Monday, September 03, 2012

August in Review, Projections for September

August happened to be another slow month (looks like the second half of the year is not going that well). To begin with, I read only one of the four books I decided to read and other three unscheduled books. That's I didn't stick to my reading plan. At 4 books and 898 pages, I recorded my lowest reading average this year with only 25 pages per day, half as much that of the target. Can I attribute this to excessive watching of TV? You know our president died in the last week of July and was buried in August, so I was glued to my set. A good excuse? Nah! The following were the books read:
  1. A Month and a Day & Letters by Ken Saro-Wiwa. This book recounts the last days of this human rights activist who was arrested by Nigeria's president Ibrahim Babangida and sentenced to death by hanging by General Sani Abacha. It talks about his life in prison, how he cope and his work with the Movement for the Survival of the Ogoni People (MOSOP) and his struggle against Shell, that  barbaric multinational of ginormous proportions, that multinational monstrosity that scavenges on the poor and hides behind ruthless dictators to achieve their goal of exploitation through ruthless exploration.
  2. The Godfather by Mario Puzo. My pulse increases through fury anytime I read the personal struggles of people; people who want the good of the nation and for the people they live with and who are ironically betrayed by the very people for whom they are struggling. After reading Mr Saro-Wiwa's book, I decided to normalise my pulse by reading this book. Mario Puzo is an author I loved before reading his (this) book. I watched The Last Don and loved it so I decided to give the books a try and I wasn't disappointed. He could make you have sympathy with the mafia and make you understand the phrase 'honour among thieves' properly.
  3. Unjumping by Beverley Nambozo Nsengiyunva. This is a poetry anthology with several crosscutting themes of love, life, politics, sexual harassment, upbringing and more. Beverley has a unique way of painting her words.
  4. The Repudiation by Rashid Boudjedra. This is a complex novel with a wide theme all involving or about a repudiation of some sorts. It begins from the traditional extended family in Algeria where the patriarchal system allows men to repudiate their wives whilst controlling them and watching over them for any sign of adultery to the repudiation of religion and of state. Its a deep book that needs to be read.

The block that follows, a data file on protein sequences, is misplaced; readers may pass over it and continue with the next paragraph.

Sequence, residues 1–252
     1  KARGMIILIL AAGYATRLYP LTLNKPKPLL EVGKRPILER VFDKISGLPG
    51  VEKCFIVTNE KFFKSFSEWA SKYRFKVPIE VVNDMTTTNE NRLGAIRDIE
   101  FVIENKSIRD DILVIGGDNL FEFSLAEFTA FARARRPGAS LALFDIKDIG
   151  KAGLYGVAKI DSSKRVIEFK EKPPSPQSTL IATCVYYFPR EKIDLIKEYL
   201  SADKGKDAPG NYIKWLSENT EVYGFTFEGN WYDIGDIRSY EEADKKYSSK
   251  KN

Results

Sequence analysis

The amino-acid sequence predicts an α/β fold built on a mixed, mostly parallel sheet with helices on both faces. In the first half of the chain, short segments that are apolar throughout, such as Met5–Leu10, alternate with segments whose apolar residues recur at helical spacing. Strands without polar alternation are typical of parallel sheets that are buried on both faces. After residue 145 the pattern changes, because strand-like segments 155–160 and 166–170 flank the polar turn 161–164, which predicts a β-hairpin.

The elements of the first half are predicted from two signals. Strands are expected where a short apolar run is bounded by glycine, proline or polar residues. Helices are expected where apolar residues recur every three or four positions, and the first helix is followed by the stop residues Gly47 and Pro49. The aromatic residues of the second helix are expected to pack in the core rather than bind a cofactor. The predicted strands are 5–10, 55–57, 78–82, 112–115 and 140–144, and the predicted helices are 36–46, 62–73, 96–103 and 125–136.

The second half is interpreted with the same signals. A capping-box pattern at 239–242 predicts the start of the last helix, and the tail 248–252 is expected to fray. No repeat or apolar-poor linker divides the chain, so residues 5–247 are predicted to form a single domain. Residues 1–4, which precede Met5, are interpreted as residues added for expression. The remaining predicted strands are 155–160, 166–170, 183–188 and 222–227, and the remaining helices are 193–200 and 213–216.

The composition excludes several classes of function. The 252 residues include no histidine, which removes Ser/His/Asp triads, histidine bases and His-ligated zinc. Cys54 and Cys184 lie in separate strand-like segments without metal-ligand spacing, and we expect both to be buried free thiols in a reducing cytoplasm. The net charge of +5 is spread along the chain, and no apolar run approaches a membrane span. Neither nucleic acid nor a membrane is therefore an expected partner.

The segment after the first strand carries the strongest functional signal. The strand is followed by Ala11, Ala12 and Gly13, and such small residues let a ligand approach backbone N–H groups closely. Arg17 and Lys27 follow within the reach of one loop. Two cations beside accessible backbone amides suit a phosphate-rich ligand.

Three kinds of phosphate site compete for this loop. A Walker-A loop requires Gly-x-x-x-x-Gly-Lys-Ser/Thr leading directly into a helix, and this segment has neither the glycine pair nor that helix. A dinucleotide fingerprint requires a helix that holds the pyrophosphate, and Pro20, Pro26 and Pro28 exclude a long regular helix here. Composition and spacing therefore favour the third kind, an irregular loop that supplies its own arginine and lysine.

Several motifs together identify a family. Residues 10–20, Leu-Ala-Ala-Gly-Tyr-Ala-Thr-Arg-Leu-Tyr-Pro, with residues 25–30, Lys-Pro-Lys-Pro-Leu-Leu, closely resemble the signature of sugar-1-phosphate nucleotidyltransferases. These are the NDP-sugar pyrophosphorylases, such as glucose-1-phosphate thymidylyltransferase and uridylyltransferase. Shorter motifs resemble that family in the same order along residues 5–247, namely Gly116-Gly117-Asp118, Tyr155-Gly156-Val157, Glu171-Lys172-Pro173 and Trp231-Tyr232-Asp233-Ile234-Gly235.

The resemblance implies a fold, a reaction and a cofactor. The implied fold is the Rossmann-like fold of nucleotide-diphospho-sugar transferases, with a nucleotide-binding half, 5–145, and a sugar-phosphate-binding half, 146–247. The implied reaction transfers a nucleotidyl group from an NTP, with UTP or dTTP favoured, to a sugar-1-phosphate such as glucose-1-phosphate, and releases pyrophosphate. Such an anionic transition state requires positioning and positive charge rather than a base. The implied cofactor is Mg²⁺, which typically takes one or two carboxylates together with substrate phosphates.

I will be reviewing these books here on my blog so visit often for detailed review on each of them. The classification of books read are: Non-Fiction (Memoir), 1; Novel, 2; Poetry Anthology, 1.

The following are the books I have lined up for September and to which I will religiously stick:
  1. Season of Migration to the North by Tayeb Salih. This book is on my Top 100 Books list. I am currently reading this book.
  2. The Corrections by Jonathan Franzen. I scheduled to read this for book last month but I failed to.
  3. Journey by G.A. Agambila. I've started this book before but dropped it for no reason. I scheduled it for last month and again did not pick it. I hope I am able to read it this month.
  4. Fathers and Daughters - an Athology of Exploration by Ato Quayson (Editor). This goes to my Ayebia Reading Challenge.
  5. Growing Yams in London by Sophia Acheampong. It's a long time since I read any Young Adult book. Besides, this British-born Ghanaian author is new to me.

6 comments:

  1. Jonathan's The Correction has been much talked about in the literary circle. I look forward to your thoughts.

    ReplyDelete
    Replies
    1. It's started okay. the first few pages - ensconcing myself into the American setting - proved a bit difficult but I surmounted it.

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  2. The Godfather's acclaim is legendary, Nana. I guess with your not so good reading for August, sometimes it can be like that, with no apparent reason. I also did not do so well in August though I had planned to. The best laid plans.....Let's hope September is cool.

    ReplyDelete
    Replies
    1. that book is good. Yes, I hope September works out well. It's already started well.

      Delete

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